Right now, we could all do with a holiday. While many of us may dream of the picturesque beaches of Goa, Sri Lanka, or Thailand, there are other isolated havens that offer a break away from the crowds. Many of which can only be accessed by boat or plane. Some are tropical. Some are arid. Some are freezing. All are adventurous. Given the pent-up frustration from extended Covid lockdowns, there is an expected surge in travel in 2022 and beyond. Here are ten isolated exotic locations:
Cape York Peninsula, Australia
The first one on our list is closer to home. The indigenous-run Cape York in northern Queensland is the northernmost point of Australia. It’s a great place to go fishing or exploring in an undisturbed area of wooded savannahs, tropical rainforests, and other types of habitats. Cape York is about a 45-hour drive from Sydney.
Not for the faint-hearted. Not only is this remote Russian town challenging to get to, but it is also known as the coldest inhabited place on Earth due to its extreme subarctic climate. During the depth of winter, the town’s 500 residents live in almost continual darkness with an average temperature of -58°C. A monument exists, noting January 1924 when −71.2 °C was recorded. Although winters in Oymyakon are extremely cold and long, the summers are mild to warm. Citizens live on dishes like frozen fish and reindeer meat due to the inability to grow crops. Getting there can take several days. The airports of Yakutsk or to Magadan are the closest, and both are over 500 miles away.
Ittoqqortoormiit is about as far away as you can get from any other inhabited area of Greenland or the world. Ittoqqortoormiit is so remote that you will usually need a helicopter to get there from the airport 25 miles away. Tourism is growing in importance for its 350 residents who enjoy dog sledding and camping as pastimes. Tourists come to see the Northern Lights and other picturesque scenery. Additionally, it’s a cruise destination for three iceberg-free months of the year.
Siwa Oasis, Egypt
Travel to the centre of Egypt’s Western Desert, and you will find the preserved Siwa Oasis. Although only five hours from Cairo, the inhabitants’ Siwi language and Amazigh culture remain untouched by time. While the Oasis is not a traditional tourist destination, it does draw those looking for a unique experience. Those who visit enjoy locally grown olives and dates, camel rides, the ‘Cleopatra’s Bath’ mineral spring, and lodging within desert eco-huts built out of mud and salt.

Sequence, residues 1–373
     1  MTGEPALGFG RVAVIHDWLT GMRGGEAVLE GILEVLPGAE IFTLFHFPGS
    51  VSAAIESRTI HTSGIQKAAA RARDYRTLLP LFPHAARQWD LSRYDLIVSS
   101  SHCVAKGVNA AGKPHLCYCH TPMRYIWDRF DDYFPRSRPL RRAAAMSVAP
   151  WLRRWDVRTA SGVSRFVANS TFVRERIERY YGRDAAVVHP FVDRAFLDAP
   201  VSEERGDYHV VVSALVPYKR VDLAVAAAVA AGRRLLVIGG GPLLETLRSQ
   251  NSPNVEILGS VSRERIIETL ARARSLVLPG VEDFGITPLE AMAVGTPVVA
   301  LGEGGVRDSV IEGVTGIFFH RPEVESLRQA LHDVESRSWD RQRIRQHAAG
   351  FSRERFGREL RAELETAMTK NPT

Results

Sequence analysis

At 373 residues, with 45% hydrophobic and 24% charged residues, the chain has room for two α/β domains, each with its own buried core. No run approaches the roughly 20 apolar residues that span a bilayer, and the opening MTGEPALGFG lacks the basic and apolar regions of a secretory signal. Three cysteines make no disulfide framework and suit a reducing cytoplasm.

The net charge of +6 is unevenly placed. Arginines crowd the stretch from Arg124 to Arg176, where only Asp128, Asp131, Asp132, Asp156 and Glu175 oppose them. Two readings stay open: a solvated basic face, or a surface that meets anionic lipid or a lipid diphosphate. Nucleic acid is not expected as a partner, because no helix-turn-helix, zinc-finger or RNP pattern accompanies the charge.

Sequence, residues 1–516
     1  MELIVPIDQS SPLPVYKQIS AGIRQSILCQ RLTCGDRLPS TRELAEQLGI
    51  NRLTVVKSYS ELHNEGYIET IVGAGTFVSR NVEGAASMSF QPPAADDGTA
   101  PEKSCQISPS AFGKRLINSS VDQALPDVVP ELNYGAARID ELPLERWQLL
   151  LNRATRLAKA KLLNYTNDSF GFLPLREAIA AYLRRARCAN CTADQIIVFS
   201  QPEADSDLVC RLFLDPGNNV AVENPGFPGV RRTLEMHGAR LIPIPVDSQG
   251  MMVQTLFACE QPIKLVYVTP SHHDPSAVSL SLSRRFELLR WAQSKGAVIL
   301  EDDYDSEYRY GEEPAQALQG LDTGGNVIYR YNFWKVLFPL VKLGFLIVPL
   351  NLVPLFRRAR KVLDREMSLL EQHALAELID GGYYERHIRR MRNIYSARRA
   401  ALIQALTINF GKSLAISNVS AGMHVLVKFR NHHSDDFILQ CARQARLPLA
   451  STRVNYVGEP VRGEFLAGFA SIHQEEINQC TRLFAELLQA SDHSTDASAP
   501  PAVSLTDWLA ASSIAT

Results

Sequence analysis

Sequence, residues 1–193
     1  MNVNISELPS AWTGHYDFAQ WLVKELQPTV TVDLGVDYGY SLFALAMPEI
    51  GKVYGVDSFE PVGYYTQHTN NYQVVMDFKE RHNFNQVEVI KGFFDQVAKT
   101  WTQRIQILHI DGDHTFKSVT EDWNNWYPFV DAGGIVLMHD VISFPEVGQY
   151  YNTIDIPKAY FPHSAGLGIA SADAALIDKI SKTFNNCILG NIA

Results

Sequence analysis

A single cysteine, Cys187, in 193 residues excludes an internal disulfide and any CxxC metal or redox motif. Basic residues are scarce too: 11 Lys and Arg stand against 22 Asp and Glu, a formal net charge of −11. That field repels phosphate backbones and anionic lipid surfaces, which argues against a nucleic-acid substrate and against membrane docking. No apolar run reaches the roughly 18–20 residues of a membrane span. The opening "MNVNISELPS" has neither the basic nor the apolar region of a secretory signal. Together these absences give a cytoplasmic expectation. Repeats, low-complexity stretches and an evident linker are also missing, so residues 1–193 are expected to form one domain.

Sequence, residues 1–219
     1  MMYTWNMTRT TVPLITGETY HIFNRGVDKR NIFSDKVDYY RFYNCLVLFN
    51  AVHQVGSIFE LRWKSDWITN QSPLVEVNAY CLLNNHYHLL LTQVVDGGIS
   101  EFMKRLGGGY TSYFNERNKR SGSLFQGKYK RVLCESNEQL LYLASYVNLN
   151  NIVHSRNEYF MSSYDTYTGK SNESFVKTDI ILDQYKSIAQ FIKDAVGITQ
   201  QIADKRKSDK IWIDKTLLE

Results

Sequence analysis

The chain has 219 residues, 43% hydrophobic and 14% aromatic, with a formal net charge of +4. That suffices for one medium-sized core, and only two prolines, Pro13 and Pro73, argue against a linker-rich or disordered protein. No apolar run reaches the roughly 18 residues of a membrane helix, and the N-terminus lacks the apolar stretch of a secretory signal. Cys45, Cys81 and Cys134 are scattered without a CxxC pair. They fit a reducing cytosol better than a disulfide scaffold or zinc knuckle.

Villa Las Estrellas, Antarctica
Spanish for “Star Town” is a Chilean colony within Antarctica. The town’s community has fourteen 90 m² homes for the inhabitants (80 in winter; double that in summer). In addition, it has a gym, church, school, and even a souvenir shop. The bad news is that getting to Antarctica requires a two-day boat trip from Ushuaia (Argentina) to cross the Drake Passage into the Antarctic Circle.
Another cold destination is the world’s northernmost settlement, with a population greater than 1,000 inhabitants. A bizarre law is (as it is so cold) is that it’s illegal to be buried there as bodies won’t decompose. It has only one grocery store, a university centre with 300 students who must learn to use firearms and seeing whales swimming in the fjord from windows is not uncommon. To get there, you need to travel to Oslo, where Norwegian Airlines offers three 3-hour connecting flights a week.
Socotra Island, Yemen
A UNESCO World Heritage Site located on Yemen’s Gulf of Aden, Socotra Island contains almost a thousand plants, a third of which are unique to the island. One of the most striking of Socotra’s plants is the Dragon’s Blood Tree, an unusual umbrella-shaped tree with red sap that was thought to be the dragon’s blood by the ancients. Socotra’s airport was only built in 1999, with tourism a fledgling sector. Therefore, the island lacks any well-established hotels, although there are a few guesthouses. The ideal time to visit Socotra is from October to April; the remaining months usually have heavy monsoon rainfall, making it difficult to navigate.
Tórshavn, Faroe Islands
Named after Thor, Tórshavn in the Faroe Islands is the smallest capital city in the world. Located halfway between Norway and Iceland, it has a rich Norse history. The locals boast on the town’s official website that it “is the sort of place where people still have time for each other”. The town of 20,000 can be reached by Atlantic Airways and Scandanavian Airlines who both offer direct flights from Denmark, Scotland, Iceland, and Norway.
Want to drive to Barrow? You can’t. There are no roads that lead to Barrow; the town is only accessible by plane. Even then, the flight is 90 minutes from Anchorage. At the very top of Alaska, north of the Arctic Circle and 1300 miles to the North Pole, Barrow is an inhospitable terrain with a winter consisting of 65 days of continual darkness. Commerce is primarily oil. The midnight sun attracts tourists, as do its novel location. However, transporting food to the city is very expensive, many residents continue to rely upon subsistence food sources.
Easter Island, Chile
Another UNESCO World Heritage Site, Easter Island, has around 1000 iconic moai statues that make it renowned. The island’s economy is primarily tourism, as people are undeterred by the arduous task to reach the island. The early Rapa Nui people are estimated to have colonised the island in the 12th Century AD, but their constructions and purpose remain a mystery. Getting to the island means using LATAM, the only airline with flights to Easter Island. Return flights begin at around AUD 600 for the five-hour flight from Santiago in Chile.